Bacevich is focused on the lure of American exceptionalism, the idea that the United States has a unique role in the world that no other nation can fill. Moreover, this model of American power and influence argues that not only does the United States have the potential to play a unique role, but it is required to do so. Bacevich spends much of the book recalling the glory days of the 1940s when the United States, through the ingenuity of its people and the might of its wealth and technology, was able to come to the rescue of the world.

There is nothing wrong, of course, in honoring and even lionizing the Great Generation. Except that there is quite a good deal wrong when crediting an early generation of soldiers and officers and the civilians who supported them comes at the cost of denigrating all other generations. Bacevich writes about an America that has become fat and lazy, a nation that has lost its way since World War II, a war that left the United States as "the strongest, the richest and . . . The freest nation in all the world." That assessment is probably accurate, but it is also irrelevant in ways that Bacevich does not seem to understand, or at least not in ways that Bacevich is willing to acknowledge.

The state of the nation after World War II was particular to the state of the world in the mid-1940s. The enemies that the United States defeated, the allies that it worked alongside of, the state of race and gender relations at home in the United States, the particular technological, medical, and scientific progress at the time -- all of these combined to make the country a safe and wealthy place. That particular set of variables will never be in place again, something that Bacevich is evasive (at best) about acknowledging.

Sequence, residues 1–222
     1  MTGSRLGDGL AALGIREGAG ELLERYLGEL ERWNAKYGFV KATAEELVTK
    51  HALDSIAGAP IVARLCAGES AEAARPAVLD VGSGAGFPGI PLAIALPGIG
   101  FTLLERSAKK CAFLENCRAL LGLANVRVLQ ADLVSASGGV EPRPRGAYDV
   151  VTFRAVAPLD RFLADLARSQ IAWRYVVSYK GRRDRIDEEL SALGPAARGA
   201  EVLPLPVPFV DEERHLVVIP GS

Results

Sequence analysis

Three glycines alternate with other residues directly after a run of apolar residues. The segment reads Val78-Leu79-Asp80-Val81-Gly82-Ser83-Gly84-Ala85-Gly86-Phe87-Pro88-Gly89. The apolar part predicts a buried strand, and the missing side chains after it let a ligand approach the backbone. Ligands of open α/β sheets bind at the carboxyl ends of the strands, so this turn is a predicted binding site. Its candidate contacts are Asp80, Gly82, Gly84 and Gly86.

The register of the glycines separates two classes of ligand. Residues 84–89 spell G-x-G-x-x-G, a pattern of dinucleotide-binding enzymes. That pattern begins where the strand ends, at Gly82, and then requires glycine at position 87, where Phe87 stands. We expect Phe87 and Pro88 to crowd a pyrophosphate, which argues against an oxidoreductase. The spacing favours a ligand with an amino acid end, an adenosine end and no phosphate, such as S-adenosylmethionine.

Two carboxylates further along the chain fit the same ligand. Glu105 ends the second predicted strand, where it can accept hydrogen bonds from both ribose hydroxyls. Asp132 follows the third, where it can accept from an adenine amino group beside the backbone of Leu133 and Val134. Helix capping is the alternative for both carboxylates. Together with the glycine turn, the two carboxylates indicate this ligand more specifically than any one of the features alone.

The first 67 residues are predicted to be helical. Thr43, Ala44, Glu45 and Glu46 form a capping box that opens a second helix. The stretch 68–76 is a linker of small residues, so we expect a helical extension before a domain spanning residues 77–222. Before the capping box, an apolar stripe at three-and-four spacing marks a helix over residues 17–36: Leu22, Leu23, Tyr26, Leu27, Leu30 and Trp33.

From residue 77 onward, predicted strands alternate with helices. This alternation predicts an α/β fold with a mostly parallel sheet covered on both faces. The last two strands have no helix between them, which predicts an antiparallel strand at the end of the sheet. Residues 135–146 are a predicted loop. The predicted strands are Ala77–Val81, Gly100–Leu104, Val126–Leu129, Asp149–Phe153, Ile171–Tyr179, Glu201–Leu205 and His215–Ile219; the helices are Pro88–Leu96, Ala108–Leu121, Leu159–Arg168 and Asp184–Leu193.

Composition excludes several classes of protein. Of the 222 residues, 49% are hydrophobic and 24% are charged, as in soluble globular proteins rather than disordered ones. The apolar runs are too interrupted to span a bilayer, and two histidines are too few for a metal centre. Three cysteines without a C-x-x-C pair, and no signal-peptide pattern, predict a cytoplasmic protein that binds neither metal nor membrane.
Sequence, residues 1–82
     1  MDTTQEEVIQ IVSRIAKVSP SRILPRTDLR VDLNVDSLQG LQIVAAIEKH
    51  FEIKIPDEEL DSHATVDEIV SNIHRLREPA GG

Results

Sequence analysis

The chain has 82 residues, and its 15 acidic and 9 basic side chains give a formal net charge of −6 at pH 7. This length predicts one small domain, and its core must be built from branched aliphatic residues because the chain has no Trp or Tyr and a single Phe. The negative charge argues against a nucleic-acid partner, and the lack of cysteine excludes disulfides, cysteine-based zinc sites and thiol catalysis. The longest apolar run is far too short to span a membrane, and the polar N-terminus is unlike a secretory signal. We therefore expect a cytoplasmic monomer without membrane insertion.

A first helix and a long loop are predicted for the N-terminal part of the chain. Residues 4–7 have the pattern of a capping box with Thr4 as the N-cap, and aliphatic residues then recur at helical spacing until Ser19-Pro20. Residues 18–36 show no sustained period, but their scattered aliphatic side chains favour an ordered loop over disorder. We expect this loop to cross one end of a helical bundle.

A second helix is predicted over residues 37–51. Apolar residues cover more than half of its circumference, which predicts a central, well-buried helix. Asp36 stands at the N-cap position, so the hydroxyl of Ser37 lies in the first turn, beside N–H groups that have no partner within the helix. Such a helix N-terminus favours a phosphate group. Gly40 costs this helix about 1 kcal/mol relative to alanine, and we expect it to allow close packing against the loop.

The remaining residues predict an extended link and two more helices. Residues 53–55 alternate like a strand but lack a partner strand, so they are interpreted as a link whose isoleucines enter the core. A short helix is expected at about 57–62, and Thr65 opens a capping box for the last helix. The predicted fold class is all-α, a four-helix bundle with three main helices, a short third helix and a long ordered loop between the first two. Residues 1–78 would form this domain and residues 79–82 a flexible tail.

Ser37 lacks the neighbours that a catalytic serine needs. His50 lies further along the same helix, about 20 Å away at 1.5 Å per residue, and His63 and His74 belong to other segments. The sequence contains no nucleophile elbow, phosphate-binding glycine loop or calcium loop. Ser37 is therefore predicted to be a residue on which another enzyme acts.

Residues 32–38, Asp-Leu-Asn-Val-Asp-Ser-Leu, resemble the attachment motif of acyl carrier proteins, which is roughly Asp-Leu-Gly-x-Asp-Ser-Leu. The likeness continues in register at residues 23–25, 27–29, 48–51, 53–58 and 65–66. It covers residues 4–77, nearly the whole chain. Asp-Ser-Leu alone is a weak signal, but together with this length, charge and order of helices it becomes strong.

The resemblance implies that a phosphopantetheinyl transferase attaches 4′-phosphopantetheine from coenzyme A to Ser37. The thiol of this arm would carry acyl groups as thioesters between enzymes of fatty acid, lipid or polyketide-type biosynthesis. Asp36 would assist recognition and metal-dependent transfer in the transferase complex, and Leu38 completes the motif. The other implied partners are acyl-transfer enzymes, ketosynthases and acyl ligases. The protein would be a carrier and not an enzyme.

Bacevich argues that what made America great in the decades following World War II was not based in anything specific about that historical moment but rather in the nature of the American national character. This is the core of his argument, because a "national character" is recoverable in a way that historical reconstruction cannot be. If Bacevich were to acknowledge that much of the success that America enjoyed after World War II were due to issues out of the control of the United States, then he would not be able to argue that America can once again fight and win wars the way it did in Normandy. If what has happened in the jungles of Vietnam and the mountains of Afghanistan is, however, due to a failure in the current generation of Americans, then there is some hope (he believes) that former military might can be regained.